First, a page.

Straight Up Guide To Quickly Reducing Stress and Anxiety
These guides were born out of Noah and Christine’s frustration with overly complicated and jargon-filled articles, newsletters, books, and therapy websites. Our mission is to create clear and practical guides in order to learn, grow from challenges, and lead more meaningful and impactful lives.
Tip #1: Think of at least 1 thing you are grateful for in life currently. Spend one minute bringing this thing, person, or experience to mind and allow yourself to embrace the sense of gratitude and other pleasant emotions that arise. You can repeat this exercise with other positive experiences like peace, joy, and love by remembering the last time you experienced those feelings, and recalling the details of the experience to “re-live” the moment for a few minutes.
Tip #2: Give your breath some focused attention. Try directing your attention to the rising and falling of your chest and belly as you breathe. No need to control the breath or breathe deeply, just track the natural rhythm of your breath for a minute. Allow the breath to be the anchor, grounding your mind in the present moment. Whenever your mind wanders, just bring it back to your breath as a way to “unhook” from anxious and stressful thoughts.
Tip #3: Use your body and senses to change your current state. Trying to control our mind and emotions is usually a losing battle. Instead try using your body or one of the 5 senses to indirectly change your state. It can take as little as 1 minute to shift your mind and mood. For example, smell some essential oils; turn on some “happy” music really loud and sing (maybe dance) along; run in place or do jumping jacks to recalibrate the nervous system; force yourself to laugh out loud (sounds strange, but it works!); do some self-massage to release muscle tension.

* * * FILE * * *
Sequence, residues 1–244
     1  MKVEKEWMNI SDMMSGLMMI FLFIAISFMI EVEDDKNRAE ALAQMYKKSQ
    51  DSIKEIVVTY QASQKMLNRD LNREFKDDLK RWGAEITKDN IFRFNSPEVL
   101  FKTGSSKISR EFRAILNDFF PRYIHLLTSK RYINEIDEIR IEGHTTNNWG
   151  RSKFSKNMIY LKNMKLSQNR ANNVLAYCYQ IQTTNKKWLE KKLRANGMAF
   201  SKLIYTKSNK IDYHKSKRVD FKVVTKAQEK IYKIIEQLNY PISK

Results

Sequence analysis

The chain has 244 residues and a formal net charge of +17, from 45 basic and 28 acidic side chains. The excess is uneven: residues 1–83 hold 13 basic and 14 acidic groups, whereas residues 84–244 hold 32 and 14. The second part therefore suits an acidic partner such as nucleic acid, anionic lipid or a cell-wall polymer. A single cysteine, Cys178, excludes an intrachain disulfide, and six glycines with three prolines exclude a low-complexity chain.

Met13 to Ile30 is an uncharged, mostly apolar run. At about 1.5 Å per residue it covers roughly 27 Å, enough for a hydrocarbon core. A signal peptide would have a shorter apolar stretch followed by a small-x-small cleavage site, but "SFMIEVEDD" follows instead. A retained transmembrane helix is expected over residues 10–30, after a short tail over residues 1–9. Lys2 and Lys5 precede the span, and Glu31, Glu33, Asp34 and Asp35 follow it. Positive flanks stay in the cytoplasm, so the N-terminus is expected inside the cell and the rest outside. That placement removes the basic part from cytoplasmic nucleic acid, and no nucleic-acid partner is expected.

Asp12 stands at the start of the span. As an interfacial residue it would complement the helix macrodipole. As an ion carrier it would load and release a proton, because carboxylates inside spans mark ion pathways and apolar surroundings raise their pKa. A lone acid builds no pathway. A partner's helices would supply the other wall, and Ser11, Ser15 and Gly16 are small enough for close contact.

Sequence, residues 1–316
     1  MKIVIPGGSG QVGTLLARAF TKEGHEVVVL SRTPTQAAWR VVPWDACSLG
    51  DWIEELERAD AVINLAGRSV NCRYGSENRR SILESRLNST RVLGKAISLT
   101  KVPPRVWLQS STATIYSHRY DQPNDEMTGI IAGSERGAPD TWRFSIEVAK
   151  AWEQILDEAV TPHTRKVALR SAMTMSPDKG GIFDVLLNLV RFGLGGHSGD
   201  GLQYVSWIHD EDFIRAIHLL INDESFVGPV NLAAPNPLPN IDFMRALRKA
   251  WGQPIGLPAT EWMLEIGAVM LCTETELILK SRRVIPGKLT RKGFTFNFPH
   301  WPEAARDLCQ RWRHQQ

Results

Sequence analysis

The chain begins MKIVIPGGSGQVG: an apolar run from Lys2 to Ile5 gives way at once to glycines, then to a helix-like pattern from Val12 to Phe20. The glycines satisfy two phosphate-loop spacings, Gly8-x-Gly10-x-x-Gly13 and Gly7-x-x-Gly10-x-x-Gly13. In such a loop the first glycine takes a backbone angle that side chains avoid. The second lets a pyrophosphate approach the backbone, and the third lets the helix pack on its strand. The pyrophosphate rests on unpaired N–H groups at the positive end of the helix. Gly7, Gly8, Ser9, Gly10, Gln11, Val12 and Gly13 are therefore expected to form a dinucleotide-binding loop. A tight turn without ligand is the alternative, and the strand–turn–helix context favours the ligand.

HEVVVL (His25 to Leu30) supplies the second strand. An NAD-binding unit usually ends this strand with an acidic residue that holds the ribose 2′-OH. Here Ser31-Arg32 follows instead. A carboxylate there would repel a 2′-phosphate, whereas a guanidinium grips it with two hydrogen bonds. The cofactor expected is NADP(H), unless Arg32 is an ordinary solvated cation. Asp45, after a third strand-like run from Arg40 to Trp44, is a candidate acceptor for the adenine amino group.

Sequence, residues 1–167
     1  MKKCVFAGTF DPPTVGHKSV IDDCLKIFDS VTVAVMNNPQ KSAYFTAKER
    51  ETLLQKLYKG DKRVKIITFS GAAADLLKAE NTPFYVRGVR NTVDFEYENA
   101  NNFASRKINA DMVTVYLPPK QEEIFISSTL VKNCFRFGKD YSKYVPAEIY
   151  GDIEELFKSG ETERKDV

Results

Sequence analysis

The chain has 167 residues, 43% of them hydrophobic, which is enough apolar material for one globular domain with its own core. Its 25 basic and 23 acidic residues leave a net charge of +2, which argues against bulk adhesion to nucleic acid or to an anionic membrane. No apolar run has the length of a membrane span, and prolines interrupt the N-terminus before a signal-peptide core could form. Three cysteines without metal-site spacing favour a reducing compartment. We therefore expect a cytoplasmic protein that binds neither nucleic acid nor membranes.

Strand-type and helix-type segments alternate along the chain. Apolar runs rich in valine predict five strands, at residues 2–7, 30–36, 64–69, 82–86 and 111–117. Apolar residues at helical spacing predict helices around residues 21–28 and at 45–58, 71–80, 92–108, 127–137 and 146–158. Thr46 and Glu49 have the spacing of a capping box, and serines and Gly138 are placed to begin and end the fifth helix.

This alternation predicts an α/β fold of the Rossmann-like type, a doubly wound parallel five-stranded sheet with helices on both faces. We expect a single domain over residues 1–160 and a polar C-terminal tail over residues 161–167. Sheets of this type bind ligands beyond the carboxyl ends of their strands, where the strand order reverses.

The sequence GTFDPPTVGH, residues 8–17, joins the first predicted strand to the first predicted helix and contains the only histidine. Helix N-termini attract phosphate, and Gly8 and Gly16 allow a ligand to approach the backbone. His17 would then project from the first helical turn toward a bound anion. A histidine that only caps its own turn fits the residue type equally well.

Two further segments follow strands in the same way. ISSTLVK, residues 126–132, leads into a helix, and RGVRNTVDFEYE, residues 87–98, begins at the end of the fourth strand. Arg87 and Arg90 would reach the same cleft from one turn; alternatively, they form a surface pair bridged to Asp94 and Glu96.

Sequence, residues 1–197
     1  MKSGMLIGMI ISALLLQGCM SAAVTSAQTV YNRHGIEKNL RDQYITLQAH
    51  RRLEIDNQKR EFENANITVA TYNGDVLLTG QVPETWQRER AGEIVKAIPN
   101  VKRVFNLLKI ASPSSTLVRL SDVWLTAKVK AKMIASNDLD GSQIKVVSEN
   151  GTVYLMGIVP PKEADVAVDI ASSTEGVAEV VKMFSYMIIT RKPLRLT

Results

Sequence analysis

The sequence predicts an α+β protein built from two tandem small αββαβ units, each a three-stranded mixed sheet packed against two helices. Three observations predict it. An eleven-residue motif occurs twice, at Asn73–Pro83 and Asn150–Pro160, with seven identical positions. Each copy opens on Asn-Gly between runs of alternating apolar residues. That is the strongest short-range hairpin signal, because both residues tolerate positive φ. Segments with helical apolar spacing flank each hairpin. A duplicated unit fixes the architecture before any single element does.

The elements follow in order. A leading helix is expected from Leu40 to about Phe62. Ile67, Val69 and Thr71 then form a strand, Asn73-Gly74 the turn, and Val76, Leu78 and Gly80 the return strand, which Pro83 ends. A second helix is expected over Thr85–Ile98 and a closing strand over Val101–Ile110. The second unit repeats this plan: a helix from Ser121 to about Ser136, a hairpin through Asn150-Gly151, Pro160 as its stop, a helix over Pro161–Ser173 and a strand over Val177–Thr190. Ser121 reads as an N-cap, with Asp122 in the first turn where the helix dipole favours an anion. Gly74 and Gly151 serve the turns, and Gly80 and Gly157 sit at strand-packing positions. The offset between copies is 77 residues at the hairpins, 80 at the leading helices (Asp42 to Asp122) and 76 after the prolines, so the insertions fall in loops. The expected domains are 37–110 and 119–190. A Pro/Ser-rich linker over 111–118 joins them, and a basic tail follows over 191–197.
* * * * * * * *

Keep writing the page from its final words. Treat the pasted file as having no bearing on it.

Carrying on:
Tip #4: Intentionally remind yourself about what is most important and that you are capable. For example, if you want to learn to embrace uncertainty and learn to minimize stressing over things you can’t control, then tell yourself something like this: “I am doing the best that I can and there is only so much I have control over. Whatever happens, I will get through it. For now, I want to focus on the things that matter most to me in life, like connecting with myself and others.” If you are wanting to combat stress and anxiety in order to be productive or stay committed to a stressful task, then consciously pivot your mindset like this: “I will choose to get my to-do list done today because I am capable and it will leave me feeling empowered.”
Tip #5: Say something nice to yourself. When you are feeling stressed and anxious, the last thing you need is your mind beating you up about it and making you feel worse. Stop bullying yourself when things are hard. Instead, talk to yourself like you would a dear friend in a moment of need. Imagine what you may say to a friend feeling anxious and stressed, then try to offer that care and kindness towards yourself. You deserve your own care and kindness as much as anyone else!
Research has shown that practicing these tips for 5 minutes a day (1 min each) can deactivate the stress response and promote a sense of calm, well-being, and empowerment.
Christine Izquierdo and Noah Laracy are the co-founders of Straight Up Treatment, an anxiety disorder specialty treatment center. Straight Up Treatment utilizes a variety of cognitive-behavioral approaches to treat anxiety-based conditions such as Obsessive-Compulsive Disorder, Social and Performance Anxiety, Panic Disorder, Depression, and Generalized Anxiety.
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